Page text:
Eucharistic devotion should draw faithful to charity, community

| Johan van Parys | June 3, 2015 | 0 Comments

WINDOW DEPICTS PRIEST'S STOLE AROUND EUCHARIST, CHALICEThis year we celebrate the solemnity of the Body and Blood of Christ on June 7. At the Basilica of St. Mary, we will mark the day with the celebration of the Eucharist, a eucharistic procession followed by benediction, and an invitation to participate in “Bread for the World.”

We do all this because this great feast calls us to do three things: first, an authentic celebration of the Eucharist; second, a deepening of our devotion to the Eucharist; and third, a greater generosity in our own eucharistic presence in the world.

First, the celebration of the Eucharist is widely accepted as the most important thing we do as Catholics. After all, the Second Vatican Council proclaimed authoritatively that the Eucharist is the “source and summit” of our life. Thus, the better we celebrate the Eucharist, the better we are equipped to live out our Catholic calling.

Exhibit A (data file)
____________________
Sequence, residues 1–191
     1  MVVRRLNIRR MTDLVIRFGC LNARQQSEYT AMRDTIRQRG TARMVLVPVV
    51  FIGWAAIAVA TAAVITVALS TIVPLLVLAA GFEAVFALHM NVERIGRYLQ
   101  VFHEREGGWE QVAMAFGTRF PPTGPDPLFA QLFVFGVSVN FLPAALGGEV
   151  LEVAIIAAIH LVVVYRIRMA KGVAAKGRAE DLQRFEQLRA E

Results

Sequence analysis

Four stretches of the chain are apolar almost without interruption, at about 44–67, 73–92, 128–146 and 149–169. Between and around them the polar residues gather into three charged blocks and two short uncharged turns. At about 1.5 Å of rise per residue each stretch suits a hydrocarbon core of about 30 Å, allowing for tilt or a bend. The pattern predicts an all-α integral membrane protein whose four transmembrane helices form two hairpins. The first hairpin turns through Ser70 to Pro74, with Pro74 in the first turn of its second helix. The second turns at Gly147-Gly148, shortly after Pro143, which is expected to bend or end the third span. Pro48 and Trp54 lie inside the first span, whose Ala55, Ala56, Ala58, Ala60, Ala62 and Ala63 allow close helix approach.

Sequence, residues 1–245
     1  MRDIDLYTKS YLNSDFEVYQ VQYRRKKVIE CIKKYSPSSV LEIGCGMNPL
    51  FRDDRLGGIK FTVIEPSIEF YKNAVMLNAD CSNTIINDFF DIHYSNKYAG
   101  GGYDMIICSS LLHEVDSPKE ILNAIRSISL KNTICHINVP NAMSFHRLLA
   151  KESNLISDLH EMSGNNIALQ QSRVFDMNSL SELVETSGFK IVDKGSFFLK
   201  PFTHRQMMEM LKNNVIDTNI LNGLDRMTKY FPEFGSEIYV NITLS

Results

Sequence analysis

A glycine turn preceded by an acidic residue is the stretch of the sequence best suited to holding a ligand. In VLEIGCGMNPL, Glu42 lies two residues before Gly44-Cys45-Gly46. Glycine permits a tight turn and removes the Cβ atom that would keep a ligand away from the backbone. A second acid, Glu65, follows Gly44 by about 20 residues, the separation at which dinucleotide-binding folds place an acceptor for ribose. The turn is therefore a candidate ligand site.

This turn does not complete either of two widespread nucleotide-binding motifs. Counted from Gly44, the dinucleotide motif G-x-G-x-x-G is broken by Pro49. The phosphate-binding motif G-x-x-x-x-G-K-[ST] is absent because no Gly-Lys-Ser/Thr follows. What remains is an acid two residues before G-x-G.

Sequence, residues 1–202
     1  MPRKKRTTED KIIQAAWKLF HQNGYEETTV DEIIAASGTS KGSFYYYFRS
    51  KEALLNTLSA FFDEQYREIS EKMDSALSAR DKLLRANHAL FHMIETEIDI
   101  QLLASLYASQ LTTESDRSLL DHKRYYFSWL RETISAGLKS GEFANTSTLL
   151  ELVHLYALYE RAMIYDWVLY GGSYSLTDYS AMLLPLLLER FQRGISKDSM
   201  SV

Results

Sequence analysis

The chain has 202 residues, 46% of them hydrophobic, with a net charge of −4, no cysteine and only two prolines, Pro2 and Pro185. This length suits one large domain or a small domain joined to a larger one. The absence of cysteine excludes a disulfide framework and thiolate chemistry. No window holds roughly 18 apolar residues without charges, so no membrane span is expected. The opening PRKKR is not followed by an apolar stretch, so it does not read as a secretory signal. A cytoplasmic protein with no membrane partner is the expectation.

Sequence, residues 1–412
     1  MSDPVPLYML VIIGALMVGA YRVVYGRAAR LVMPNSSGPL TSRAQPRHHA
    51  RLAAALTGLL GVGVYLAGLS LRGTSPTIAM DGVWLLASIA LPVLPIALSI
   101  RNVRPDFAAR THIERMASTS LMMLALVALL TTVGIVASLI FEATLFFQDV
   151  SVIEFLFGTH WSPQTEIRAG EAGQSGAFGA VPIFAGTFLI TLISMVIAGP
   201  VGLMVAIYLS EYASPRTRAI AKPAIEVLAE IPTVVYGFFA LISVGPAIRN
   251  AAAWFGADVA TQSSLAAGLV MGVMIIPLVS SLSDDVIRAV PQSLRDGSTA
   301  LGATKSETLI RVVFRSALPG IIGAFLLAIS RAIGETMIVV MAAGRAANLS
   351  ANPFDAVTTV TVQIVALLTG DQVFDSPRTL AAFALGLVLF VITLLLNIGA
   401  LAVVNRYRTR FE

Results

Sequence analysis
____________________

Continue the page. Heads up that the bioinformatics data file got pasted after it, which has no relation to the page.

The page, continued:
Second, though extremely popular in the past, eucharistic devotions such as eucharistic processions and holy hours have become somewhat rare as they leave many people indifferent or even apprehensive. Thankfully, these ancient devotions are gradually rediscovered and reintroduced, often at the request of young people. We have to be aware, though, not to consider these devotions as a litmus test for a person’s devotion to the real presence of Christ in the Eucharist, in particular, and one’s commitment to Catholicism, in general.

Third, St. John Paul II in “Mane Nobiscum” wrote that “our mutual love, and in particular . . . our concern for those in need . . . will be the criterion by which the authenticity of our eucharistic celebration is judged” because “at each Holy Mass, we are called to measure ourselves against the ideal of communion which the Acts of Apostles paints . . . sharing in spiritual goods but in material goods as well.”

Therefore, let us celebrate the Eucharist well. Let us engage in the eucharistic devotions, and let us remember that we break the bread in order to learn how to give our life for the well-being of the world; that we adore Christ in the Blessed Sacrament in order to learn how to see him in every person who dwells on earth; and that we share in the body of Christ in order to become the body of Christ.

May the feast of the Body and Blood of Christ inspire a greater devotion to and participation in the body of Christ.

van Parys is the director of liturgy and sacred arts at the Basilica of St. Mary in Minneapolis. This column previously appeared in the basilica’s newsletter.

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Category: Commentary